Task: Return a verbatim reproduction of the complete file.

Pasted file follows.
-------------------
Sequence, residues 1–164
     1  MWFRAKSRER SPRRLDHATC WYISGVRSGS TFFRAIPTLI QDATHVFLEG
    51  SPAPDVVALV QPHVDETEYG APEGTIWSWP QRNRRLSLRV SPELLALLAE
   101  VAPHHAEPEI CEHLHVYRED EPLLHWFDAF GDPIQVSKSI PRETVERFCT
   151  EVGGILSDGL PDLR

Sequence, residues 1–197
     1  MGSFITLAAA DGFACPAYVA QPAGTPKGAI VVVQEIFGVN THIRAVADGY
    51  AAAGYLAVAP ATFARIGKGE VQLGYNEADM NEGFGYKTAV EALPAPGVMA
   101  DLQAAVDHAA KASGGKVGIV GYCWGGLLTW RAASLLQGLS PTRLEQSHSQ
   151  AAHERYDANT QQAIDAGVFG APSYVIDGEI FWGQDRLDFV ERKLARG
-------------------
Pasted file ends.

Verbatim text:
Sequence, residues 1–164
     1  MWFRAKSRER SPRRLDHATC WYISGVRSGS TFFRAIPTLI QDATHVFLEG
    51  SPAPDVVALV QPHVDETEYG APEGTIWSWP QRNRRLSLRV SPELLALLAE
   101  VAPHHAEPEI CEHLHVYRED EPLLHWFDAF GDPIQVSKSI PRETVERFCT
   151  EVGGILSDGL PDLR

Sequence, residues 1–197
     1  MGSFITLAAA DGFACPAYVA QPAGTPKGAI VVVQEIFGVN THIRAVADGY
    51  AAAGYLAVAP ATFARIGKGE VQLGYNEADM NEGFGYKTAV EALPAPGVMA
   101  DLQAAVDHAA KASGGKVGIV GYCWGGLLTW RAASLLQGLS PTRLEQSHSQ
   151  AAHERYDANT QQAIDAGVFG APSYVIDGEI FWGQDRLDFV ERKLARG